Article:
Health: Loss Of Doctors At Fontaine Highlights Cape's Recruitment Problems

By: Tim Wood

Topics: Health

The loss of two primary care physicians from the Fontaine Medical Center in East Harwich highlights the difficulty health care organizations have in attracting the retaining doctors. ALAN POLLOCK PHOTO

When she was told in early June that Dr. Diane Campbell had abruptly left the Fontaine Medical Center in East Harwich, Pamela Scott Hanrahan was more than a little upset. For about seven years Campbell had been an attentive, caring primary care doctor for her family.

“She was the kind of person who would literally lean in and listen to you,” Hanrahan said.

But Campbell's departure left her scrambling to find a new primary care physician. She's put her name in at Outer Cape Health Services in Harwich as well as at Fontaine, and while her brother was able to find an urgent care nurse practitioner to ensure that her elderly parents are covered, she has yet to find a new doctor for her family.

Representatives of both Cape Cod Healthcare, which operates the Fontaine Medical Center, and Outer Cape Health Services say the situation is not unusual. In an April study, the Association of American Medical Colleges projected a shortfall of 122,000 physicians nationally by 2032. And given the Cape's growing elderly population, high cost of living, especially housing prices—particularly on the Lower and Outer Cape—the situation is even more acute here.

“To have a candidate call and say they are very interested, we have to be very careful with them, and make sure they do the math and due diligence. We don't want them to get here and find they can't live,” said Pat Nadle, CEO of Outer Cape Health Services.

“It's a supply and demand issue,” said Jean Butler, Employed Physician Group Senior Vice President at Cape Cod Healthcare. With the Cape's high population of seniors, the demand here is greater than in other areas, she added.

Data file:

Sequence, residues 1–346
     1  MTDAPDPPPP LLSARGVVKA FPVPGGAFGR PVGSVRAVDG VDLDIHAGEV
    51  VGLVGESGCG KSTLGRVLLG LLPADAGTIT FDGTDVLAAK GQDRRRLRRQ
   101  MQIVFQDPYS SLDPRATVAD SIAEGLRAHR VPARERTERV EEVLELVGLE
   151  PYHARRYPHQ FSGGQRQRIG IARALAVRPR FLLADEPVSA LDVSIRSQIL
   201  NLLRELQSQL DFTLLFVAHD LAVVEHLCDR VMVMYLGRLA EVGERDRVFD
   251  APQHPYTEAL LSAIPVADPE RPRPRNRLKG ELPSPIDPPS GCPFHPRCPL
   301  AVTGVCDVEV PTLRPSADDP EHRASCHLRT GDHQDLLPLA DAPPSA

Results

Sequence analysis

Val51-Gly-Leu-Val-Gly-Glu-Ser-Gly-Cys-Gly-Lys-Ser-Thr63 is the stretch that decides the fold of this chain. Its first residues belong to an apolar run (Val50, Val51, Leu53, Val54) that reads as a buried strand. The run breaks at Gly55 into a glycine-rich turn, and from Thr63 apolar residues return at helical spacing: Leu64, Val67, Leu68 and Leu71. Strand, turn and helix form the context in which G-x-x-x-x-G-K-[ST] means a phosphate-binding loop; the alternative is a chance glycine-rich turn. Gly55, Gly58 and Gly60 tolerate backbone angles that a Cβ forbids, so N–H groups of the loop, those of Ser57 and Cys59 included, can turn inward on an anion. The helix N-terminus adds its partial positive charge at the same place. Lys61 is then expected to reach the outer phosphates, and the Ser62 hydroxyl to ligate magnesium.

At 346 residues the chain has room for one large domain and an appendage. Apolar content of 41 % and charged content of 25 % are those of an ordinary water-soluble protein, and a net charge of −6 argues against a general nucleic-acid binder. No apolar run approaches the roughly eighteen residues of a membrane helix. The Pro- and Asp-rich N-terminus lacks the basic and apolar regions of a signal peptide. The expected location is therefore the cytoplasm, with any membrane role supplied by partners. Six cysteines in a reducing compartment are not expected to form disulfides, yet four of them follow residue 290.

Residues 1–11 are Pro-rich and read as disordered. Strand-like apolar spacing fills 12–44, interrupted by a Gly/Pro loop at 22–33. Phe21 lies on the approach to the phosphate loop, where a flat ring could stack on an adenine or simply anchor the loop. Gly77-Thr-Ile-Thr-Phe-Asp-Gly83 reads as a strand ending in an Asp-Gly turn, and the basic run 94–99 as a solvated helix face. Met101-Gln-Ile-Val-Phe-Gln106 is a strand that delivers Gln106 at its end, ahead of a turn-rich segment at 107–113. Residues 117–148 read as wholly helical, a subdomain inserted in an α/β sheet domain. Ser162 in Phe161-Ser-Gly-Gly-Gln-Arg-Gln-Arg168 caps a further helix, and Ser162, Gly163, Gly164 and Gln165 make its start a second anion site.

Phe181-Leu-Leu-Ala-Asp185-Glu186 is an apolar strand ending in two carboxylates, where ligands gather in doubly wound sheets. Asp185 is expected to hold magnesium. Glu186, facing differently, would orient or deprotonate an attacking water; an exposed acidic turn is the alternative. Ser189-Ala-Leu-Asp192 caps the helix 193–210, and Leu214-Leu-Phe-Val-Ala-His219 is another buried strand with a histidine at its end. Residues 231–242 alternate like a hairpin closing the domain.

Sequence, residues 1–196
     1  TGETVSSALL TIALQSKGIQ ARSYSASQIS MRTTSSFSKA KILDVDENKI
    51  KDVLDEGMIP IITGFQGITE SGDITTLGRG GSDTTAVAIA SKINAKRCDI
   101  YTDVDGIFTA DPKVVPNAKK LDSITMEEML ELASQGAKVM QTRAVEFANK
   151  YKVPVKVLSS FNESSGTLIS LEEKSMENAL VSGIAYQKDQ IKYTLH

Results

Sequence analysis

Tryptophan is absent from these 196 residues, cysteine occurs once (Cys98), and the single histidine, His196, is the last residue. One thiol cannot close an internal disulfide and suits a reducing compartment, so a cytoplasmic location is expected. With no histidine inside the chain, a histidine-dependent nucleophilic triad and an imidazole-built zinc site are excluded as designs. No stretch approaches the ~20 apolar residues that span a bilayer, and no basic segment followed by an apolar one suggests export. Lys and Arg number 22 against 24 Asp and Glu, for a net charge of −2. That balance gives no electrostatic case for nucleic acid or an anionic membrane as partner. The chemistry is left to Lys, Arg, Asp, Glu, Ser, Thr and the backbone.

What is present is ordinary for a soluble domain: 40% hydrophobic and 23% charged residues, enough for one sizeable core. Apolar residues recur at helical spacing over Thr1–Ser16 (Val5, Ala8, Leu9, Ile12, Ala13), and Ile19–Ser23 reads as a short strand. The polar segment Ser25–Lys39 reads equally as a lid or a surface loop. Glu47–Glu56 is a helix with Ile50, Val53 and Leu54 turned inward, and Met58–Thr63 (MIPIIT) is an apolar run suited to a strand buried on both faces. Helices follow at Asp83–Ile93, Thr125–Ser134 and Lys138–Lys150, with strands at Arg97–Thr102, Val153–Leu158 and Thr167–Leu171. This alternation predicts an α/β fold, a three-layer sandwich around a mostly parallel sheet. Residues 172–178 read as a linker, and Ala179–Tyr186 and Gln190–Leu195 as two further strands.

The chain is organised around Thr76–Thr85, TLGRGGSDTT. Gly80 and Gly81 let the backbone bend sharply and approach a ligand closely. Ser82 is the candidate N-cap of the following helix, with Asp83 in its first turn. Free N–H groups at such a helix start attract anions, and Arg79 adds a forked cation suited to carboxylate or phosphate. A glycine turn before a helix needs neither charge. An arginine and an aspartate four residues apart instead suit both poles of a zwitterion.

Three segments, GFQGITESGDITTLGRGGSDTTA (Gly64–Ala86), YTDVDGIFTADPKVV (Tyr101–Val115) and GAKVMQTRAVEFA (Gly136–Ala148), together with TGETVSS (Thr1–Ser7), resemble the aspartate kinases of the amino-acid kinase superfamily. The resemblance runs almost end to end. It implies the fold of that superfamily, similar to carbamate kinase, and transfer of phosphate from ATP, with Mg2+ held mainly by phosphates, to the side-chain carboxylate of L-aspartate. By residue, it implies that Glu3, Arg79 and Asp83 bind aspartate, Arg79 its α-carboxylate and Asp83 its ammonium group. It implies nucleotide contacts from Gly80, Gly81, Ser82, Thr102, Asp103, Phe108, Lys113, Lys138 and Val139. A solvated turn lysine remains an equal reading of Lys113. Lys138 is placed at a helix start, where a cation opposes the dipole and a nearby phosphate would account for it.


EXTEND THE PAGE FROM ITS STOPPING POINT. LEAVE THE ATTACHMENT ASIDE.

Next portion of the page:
Cape Cod Healthcare has three new primary care physicians starting over the next 12 months, she said. Two are being recruited for Fontaine. Both will be full time. One of the doctors who left the East Harwich facility, Jane Craig, was part time, so coverage will increase.

“We're interviewing quite a bit now and have some good candidates,” Butler said. Turnover, she added, is not unusual, and while she acknowledged the departure of the two physicians from Fontaine, she said she could not go into details about why they left.

“We know it's definitely difficult for them when it's a primary care physician who leaves,” Butler said. All appointments were rescheduled with other practitioners, either at Fontaine or another of the company's community partners. “There's nobody showing up at Fontaine who isn't seeing a provider,” she said.

Nadle said Outer Cape Health Services was aware of the departure of the two doctors from Fontaine and has been working with Cape Cod Healthcare to transition patients and find providers.

“We do collaborate on a regular basis,” she said. The organization has the same difficulty in recruiting doctors, although it has an advantage. It's coverage area, the Outer Cape, is considered rural, with reduced access to primary care. Doctors who opt to join Outer Cape Health Services can earn loan forgiveness through the National Health Service Corps.

“That's a very helpful recruiting tool,” Nadle said. Paying back medical school loans can be “like having a mortgage payment,” she said, and over the course of three to five years, a physicians can have most or even all of the loan forgiven. Five or six of Outer Cape Health Service's current physicians are in that program, she said.

The agency also has a newly graduating doctor beginning next week who attended Barnstable High School and is moving back to the Cape. “We got really lucky in recruiting her,” Nadle said. Housing costs have such a “huge impact” that many of the agency's hires are able to come here because they have family ties and thus a place to live. Outer Cape Health Services have facilities in Harwich, Wellfleet and Provincetown; the latter is particularly difficult to staff because of housing, Nadle said.

Nurse practitioners and other advanced practitioners are also filling provider slots, she said. Three of the agency's nurses went back to school to gain more training to become nurse practitioners.

It's not easy to start over after losing a doctor with whom you've developed a rapport, Hanrahan said, but the first step is finding a new one.

“I hope we can get some more doctors on Cape Cod,” she said.